The question came from behind, casually tossed towards my shoulder by the young man in the suit. Rum and Coke in one hand, the other thumbing a smart phone, he reiterated. “What do you do?”
As if I’d missed his meaning the first time…
“Whatever the hell I want.” Flipping my hair in his general direction, I hoped this adequately conveyed aloof confidence – and I once again wished that they made business cards for the long-term traveler.
We were both in line for the open bar at a wedding. My ‘date’ was a close female friend, and I did not have any fresh babies in tow. Naturally, this young American professional thus assumed that the smoothest entry into conversation was an ‘open sesame’ inquiry about my occupation.
Unfortunately, I do not have one.
Nor have I ever liked the idea that employment could define me. Self-worth is not dependent on a well-kept portfolio of earnings, nor the initials following your name.
So as the line moved forward, I dredged the remains of my drink and reminded myself why I was here. Not just here at the celebration, but here in the States.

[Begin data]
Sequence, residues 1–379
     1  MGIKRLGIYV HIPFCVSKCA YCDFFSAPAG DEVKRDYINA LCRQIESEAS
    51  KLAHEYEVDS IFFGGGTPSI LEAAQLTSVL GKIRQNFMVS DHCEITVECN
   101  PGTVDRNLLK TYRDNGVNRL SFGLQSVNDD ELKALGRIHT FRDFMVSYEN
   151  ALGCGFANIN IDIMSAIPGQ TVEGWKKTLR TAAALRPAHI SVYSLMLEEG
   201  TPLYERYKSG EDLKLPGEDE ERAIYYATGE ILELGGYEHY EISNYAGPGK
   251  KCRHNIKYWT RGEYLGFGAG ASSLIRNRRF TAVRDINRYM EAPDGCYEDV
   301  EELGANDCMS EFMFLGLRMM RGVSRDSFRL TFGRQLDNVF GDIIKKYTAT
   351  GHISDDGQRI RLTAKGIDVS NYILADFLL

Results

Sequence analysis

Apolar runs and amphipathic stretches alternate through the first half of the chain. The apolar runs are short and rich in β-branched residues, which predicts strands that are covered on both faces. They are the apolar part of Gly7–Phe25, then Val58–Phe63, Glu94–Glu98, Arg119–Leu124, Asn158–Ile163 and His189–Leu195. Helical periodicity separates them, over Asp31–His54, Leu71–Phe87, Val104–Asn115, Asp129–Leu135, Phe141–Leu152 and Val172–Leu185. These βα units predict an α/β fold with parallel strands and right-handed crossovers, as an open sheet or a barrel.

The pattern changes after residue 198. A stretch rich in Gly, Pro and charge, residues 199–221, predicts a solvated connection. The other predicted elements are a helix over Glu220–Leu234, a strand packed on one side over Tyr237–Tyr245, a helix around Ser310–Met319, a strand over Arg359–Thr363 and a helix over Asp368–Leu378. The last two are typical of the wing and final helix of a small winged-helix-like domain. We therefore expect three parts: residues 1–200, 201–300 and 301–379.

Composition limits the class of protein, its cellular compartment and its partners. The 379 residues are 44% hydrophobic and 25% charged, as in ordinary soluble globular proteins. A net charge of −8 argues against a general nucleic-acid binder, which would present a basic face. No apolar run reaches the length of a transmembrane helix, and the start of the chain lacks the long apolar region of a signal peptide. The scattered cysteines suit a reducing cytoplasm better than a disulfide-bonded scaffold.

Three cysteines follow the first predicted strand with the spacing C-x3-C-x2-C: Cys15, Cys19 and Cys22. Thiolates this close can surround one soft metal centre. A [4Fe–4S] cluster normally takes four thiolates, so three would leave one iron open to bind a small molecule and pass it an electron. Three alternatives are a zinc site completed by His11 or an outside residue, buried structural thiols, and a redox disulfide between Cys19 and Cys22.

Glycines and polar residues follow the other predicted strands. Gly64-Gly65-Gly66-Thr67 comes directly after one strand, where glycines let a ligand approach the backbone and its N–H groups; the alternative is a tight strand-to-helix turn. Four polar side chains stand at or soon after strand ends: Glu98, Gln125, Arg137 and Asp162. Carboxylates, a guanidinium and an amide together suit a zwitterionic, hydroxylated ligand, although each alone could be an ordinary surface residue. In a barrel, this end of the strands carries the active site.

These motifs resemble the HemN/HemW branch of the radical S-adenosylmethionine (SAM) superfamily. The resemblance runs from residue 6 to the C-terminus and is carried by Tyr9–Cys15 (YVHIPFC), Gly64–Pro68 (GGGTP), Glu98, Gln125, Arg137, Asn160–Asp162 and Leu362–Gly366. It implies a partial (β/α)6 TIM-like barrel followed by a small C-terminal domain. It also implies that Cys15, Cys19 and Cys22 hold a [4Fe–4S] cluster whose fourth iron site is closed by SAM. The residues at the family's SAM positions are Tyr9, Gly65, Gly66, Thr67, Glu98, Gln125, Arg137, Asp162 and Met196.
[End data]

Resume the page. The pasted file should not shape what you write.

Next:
Because I’d used up my foreign visas and needed cash. Not because I wanted a two-year contract.
Someone once told me that in England, societal judgement is passed according to what school you attended. In Australia and New Zealand, they cast stones depending on what countries you’ve visited. And in the US of A, characters are admired or assassinated based on jobs.
This was something I’d prepared myself for when I decided to return home. “Where are you working?” I could handle this question with the simple name of a business establishment. But “What do you do?”
I’d tell you, but the list no longer fits on my business card.
What do you tell someone who does not understand that who we are transcends the title on our desk? (If we have one?)